I’m the “other woman.”
A couple of years ago I met this guy at my office, and we hit it off pretty quick. We started flirting which led to hooking up casually and sometimes going on mini dates afterward. I ended up moving about an hour away, and we continued to sext/send nudes and even hook up whenever we were in each others area, but then things got weird.
He started blocking and unblocking me all the time on his social media when I didn’t respond to his booty calls right away. We ended up hooking up again, and I asked him if he was seeing someone, and he said he was talking to a girl, but they weren’t official, which I took as an okay to keep doing what we were doing because he said he wasn’t committed to her. And then I found the next day through a friend that not only was he officially with this girl, but they were also practically living together.
It’s been almost a year since I found that out and while I haven’t confronted him on it, he hits me up a lot, and a mutual friend between his girlfriend and me has told me that his girlfriend has no idea about me and his frequent cheating.
My dilemma is that I don’t know whether or not I should let her know.
On the one hand, I really want to have her back girl to girl, and because we all have mutual friends between the three of us, I don’t want her to get misinformation (such as thinking that I knew about her when I had hooked up with him). I also want to do the right thing morally. Plus, I’m not scared about losing him from my life because he hasn’t really contributed much to it nor am I that close with his social circle. But on the other hand, I feel that I should just leave it be and hope that karma will take care of things.
In full transparency, I do have some feelings for him, but I know it’s mostly based on lust. I just actually feel really bad for her when I see her posting about how great he is and stuff when I know she has no idea that he’s a chronic cheater (there are other girls beside me too).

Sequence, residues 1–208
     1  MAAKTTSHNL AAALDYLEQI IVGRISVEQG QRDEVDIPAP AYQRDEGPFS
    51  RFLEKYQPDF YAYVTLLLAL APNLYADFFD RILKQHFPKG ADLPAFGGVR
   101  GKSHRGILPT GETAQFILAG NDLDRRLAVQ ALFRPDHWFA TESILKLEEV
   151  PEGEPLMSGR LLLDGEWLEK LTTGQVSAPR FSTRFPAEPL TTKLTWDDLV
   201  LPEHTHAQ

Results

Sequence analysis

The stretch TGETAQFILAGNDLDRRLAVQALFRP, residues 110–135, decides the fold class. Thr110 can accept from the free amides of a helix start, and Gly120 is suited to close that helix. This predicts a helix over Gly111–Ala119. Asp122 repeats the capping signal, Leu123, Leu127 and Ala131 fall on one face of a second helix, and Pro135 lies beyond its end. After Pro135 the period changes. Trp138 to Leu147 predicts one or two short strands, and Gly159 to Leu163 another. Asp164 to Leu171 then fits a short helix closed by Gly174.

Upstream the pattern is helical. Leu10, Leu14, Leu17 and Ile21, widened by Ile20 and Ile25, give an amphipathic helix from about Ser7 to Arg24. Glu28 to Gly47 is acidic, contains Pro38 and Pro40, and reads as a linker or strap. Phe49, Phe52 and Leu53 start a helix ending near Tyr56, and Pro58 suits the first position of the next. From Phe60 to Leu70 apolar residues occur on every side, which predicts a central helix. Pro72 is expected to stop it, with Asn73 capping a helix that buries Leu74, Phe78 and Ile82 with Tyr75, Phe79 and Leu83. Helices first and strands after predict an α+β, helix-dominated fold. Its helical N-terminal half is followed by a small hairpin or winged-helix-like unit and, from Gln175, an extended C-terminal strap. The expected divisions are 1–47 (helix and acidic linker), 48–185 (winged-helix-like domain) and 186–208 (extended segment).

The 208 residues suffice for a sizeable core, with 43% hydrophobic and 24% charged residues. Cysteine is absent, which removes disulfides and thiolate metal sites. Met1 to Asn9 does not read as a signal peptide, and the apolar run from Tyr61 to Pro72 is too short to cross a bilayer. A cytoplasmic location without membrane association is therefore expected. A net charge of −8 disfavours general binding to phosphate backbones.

Any advice for me?
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I often advise people to stay out of getting into the mix with other people’s relationships. The reason being — psychologically it’s complicated and more painful to get that type of information from someone you don’t know, particularly when that person participated in the infidelity. But, in this case, her boyfriend is a chronic cheater (you mentioned other women), and from all accounts (your mutual friends) she doesn’t know this.
I think you should tell her that her boyfriend has been cheating on her.
So how to proceed? I would get her email address from one of your mutual friends. Write her a thoughtful and kind email — one that doesn’t give any unnecessarily hurtful information but lays out the facts, much as you wrote them to me. My caveat is that by reaching out to her with this information, you are potentially inviting more drama into your life, and you need to be prepared that she may not believe you and/or displace the blame entirely on you.
I was in a relationship with a chronic cheater. I caught him/found out repeatedly, even confirming with one of the women who he cheated on me with when we confronted him together (he’d been lying to us both). Even after that, it took me a bit longer to believe he was really that bad, to comprehend that he wasn’t going to change, and to untangle myself from that mess.
Cut your ties with him.
His behavior is not the behavior of a healthy person. There are plenty of people out there with whom you could have casual sex (or an actual relationship) who are not cheating on someone to do it.
Lastly, you acknowledged that you might have some feelings for him, albeit they are blurry and mixed in with lust. Participating in infidelity is not the mark of healthy self-esteem. I speak from experience. I have been the “other woman” too. I thought that I was a strong, sexually liberated young woman. But really, I had low self-worth. Before you jump into your next relationship or hook-up, please take some time to invest in yourself.
What does investing in yourself look like? Talk therapy, focusing on yourself and what you want and need want from a partner, self-care, goal-setting, volunteering, spending time with people who make you feel good, and last but not least learning to set boundaries.
While there’s absolutely nothing wrong with casual sex, you are worth more than being someone's booty call.
The information within Ask Erin should in no way be interpreted as medical advice because I'm not a medical professional. But I am here to help — to share with you the wisdom I've gained after years of making mistakes. If you have a question for me about relationships, addiction, recovery, friendship, sex, consent, what I’m putting on my lips, Sugilite, or anything at all, use the contact form or email me at firstname.lastname@example.org. As always, your anonymity is golden. Lastly, I’m so excited to share my Ask Erin Self-Care Guide, free when you sign up for my weekly newsletter. xoxo